Hey, Asian guys! You’re hot! Don’t you feel better now. As a reward here is an unasked for smooch from a white woman—for free. She’s even blonde! Feel better now? No? Wait this isn’t the Valentine’s Day gift you always wanted?
As they say, all roads to hell are paved with good intentions.
It is unclear though, if the intentions of Leela Rose, an actress and self-proclaimed activist/Youtuber, were purely altruistic as she claims.
On September 30th, last year, Rose unleashed a now infamous video (trigger warning) titled Kissing Guys In Tokyo an instant sensation on the internet that went viral in a chickenpox kind of way. She prefaces the video with her sentiment that “white women can find Asian men attractive and that Asian men are not represented in Hollywood to her liking as romantic leads”. She declares that by going around Tokyo and kissing Asian men in Tokyo she wants to help fight the stereotype that Asian men are not desirable.
At this point, which is only the prelude to a white privilege nightmare, so many questions come to mind. How is a video of a white woman kissing random men on the street going to change the minds of those who run Hollywood? Moreover, her tone is completely devoid of any perspective from Asian actors who are fighting this stereotype on a daily basis, she speaks on the issue as a savior for the powerless who, conveniently are the object of her desire.
Does anyone remember Julien Blanc? Raise your hand if you do. Some are called Leela Rose a female version of the Pick-Up Artist—aka Juliette Blanc—but that is missing the point.
As her “social experiment” begins, there is a stream of horrific imagery of a blond woman forcefully launching surprise attacks on the faces of many bewildered Japanese men.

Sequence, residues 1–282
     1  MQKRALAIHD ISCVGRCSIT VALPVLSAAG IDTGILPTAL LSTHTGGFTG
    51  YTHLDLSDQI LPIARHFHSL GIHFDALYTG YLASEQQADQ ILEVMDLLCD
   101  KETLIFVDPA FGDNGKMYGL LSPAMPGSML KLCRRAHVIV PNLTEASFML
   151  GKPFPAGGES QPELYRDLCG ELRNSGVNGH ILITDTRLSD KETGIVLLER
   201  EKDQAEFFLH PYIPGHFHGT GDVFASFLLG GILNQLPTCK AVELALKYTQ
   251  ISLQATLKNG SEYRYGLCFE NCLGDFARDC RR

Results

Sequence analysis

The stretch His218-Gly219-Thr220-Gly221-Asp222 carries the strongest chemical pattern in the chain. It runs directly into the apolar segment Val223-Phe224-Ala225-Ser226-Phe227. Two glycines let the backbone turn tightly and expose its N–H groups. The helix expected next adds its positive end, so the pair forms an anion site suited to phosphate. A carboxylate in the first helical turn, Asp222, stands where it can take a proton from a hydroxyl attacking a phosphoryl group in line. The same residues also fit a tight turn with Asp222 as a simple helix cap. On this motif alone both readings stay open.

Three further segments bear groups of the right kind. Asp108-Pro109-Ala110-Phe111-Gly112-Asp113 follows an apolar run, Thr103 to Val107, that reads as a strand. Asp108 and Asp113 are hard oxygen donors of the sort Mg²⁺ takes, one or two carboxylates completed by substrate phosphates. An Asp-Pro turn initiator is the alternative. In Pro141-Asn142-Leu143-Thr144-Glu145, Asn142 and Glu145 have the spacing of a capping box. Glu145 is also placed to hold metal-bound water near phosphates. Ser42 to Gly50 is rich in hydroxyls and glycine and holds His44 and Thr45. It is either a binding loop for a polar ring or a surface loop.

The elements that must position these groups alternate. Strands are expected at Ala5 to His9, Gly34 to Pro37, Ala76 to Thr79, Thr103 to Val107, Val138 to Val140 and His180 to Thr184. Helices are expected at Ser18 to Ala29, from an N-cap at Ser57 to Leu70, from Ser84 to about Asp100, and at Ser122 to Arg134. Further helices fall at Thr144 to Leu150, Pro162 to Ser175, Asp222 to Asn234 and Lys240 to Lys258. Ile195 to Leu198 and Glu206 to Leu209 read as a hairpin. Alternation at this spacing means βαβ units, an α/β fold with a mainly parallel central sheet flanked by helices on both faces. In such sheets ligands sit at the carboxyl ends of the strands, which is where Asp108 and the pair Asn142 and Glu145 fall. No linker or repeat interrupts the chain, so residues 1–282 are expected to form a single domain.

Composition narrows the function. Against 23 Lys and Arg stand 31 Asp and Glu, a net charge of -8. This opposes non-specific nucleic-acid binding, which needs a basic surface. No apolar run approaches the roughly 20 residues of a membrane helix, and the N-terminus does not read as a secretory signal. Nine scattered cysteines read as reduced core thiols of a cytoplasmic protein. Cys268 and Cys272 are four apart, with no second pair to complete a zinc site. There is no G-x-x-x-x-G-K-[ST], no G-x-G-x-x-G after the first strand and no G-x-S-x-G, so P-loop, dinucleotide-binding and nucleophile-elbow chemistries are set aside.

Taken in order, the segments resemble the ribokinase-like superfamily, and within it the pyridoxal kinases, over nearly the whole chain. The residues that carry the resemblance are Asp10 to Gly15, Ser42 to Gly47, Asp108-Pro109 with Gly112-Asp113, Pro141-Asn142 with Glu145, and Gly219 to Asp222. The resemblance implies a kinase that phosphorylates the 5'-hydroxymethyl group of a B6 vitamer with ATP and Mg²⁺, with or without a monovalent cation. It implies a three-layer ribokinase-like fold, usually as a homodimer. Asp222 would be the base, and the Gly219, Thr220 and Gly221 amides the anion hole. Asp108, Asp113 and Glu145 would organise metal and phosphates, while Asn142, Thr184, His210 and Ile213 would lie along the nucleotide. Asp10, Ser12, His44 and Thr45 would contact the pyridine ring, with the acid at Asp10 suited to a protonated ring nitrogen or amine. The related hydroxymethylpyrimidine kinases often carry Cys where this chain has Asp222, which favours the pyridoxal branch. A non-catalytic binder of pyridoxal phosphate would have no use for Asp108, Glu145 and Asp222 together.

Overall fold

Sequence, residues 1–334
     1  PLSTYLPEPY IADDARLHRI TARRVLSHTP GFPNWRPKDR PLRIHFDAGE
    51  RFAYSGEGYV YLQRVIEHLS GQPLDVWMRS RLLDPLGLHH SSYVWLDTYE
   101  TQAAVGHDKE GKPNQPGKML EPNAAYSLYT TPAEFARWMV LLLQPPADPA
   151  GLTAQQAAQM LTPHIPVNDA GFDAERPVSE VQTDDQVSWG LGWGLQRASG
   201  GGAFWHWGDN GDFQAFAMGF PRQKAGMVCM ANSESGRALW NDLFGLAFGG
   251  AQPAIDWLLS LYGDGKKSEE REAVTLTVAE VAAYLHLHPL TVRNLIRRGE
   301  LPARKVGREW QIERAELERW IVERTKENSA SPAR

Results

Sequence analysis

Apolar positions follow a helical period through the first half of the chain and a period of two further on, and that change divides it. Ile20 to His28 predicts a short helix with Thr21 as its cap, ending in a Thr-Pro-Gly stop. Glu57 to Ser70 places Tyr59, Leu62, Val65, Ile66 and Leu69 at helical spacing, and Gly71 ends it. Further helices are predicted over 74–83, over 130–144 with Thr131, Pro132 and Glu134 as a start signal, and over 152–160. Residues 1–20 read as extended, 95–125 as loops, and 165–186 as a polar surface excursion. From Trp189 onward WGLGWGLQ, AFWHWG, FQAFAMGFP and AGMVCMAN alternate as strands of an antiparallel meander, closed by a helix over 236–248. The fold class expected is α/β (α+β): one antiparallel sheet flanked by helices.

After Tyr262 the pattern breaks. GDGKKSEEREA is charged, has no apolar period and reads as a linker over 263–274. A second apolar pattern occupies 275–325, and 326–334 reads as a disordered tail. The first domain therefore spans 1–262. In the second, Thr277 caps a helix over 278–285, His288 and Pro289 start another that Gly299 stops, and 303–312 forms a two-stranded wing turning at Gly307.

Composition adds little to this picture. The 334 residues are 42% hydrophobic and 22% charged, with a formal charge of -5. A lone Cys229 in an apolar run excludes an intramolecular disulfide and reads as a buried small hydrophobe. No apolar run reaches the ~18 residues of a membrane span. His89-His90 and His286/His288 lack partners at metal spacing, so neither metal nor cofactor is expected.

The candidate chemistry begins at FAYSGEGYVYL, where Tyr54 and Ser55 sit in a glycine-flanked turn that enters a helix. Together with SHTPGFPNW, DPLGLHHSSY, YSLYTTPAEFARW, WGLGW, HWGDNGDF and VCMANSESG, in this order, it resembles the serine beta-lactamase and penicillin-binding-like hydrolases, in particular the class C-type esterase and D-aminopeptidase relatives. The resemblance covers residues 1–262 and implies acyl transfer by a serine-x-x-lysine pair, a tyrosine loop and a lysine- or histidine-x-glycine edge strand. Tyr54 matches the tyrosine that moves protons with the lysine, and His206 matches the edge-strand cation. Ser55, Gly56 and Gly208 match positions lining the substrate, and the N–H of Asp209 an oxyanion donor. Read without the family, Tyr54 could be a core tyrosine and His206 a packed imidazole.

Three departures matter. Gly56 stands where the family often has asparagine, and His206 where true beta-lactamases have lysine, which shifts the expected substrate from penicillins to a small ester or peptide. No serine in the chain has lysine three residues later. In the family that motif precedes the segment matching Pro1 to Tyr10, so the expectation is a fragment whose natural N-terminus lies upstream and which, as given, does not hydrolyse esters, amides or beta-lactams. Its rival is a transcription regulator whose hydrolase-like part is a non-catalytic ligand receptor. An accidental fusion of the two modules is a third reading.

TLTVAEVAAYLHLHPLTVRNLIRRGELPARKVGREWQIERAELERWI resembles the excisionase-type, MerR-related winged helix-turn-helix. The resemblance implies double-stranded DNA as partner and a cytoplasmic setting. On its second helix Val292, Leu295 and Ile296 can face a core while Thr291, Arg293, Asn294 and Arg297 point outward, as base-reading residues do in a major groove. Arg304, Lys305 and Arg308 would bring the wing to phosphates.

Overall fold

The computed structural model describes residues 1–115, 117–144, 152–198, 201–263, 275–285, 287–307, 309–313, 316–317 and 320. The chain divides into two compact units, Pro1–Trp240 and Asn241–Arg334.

Many, after a stunned moment, go along with it.
The video continues to make the rounds on the internet but it has met with some harsh criticism, as well as scattered praise.
Japanese American playwright Leah Nanako Winkler, a vocal critic on the lack of Asian American representation in the US entertainment industry, weighs in on the issue.
“I think this white woman exemplifies clueless American entitlement–and reeks of privilege in such a destructive way that is embarrassing for our country. She is claiming to represent all western women-and I genuinely think she believes this because of the exact cultural biases she is claiming to criticize: she’s white and blonde and fits into the ‘ideal’ female beauty standards perpetuated in American culture -when in reality she cannot speak for anyone except for herself. As an American Woman- I’m mortified people like her are the clueless avatar for our country.”
Winkler further dissects “She is still fetishizing Asian men because she’s conflating all Asian identities into one- and making assumptions about an entire country (Japan) and its social politics regarding male desirability. Men in Japan as a whole don’t have problems getting laid in Japan.* How dare she assume they want her? It’s a level of entitlement that is next level honestly. American white women need to educate themselves before they speak up on Asian American issues…look what happens. It’s like white savior complex dressed in glitter and stupidity.”
It is worth repeating that Asian-American culture/people and other Asian cultures/people are not the same thing as Leela Rose assumes. Sexualizing one does not elevate the status of the other. In other words, objectification has never been empowering.